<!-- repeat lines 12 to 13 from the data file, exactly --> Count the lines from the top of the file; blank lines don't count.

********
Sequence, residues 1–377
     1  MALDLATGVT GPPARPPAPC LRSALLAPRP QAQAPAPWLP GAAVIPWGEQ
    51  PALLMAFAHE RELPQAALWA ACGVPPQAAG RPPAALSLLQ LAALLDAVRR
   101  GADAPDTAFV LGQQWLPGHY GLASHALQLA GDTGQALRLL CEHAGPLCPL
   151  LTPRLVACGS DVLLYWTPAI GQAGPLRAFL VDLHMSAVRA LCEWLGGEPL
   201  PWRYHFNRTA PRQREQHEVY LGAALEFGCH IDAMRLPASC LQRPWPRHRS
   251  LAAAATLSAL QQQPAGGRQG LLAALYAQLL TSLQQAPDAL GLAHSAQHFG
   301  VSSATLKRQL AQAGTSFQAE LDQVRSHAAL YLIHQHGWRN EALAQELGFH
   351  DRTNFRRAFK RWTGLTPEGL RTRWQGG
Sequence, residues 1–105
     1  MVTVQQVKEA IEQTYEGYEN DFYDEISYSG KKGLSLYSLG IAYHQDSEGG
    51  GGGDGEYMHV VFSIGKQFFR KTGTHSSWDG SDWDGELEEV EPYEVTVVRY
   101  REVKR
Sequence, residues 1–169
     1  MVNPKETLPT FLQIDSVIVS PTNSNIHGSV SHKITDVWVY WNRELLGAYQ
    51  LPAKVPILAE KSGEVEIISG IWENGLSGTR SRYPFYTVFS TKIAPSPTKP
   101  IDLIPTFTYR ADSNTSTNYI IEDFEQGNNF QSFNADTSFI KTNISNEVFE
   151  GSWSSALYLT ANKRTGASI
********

    51  GGGDGEYMHV VFSIGKQFFR KTGTHSSWDG SDWDGELEEV EPYEVTVVRY
   101  REVKR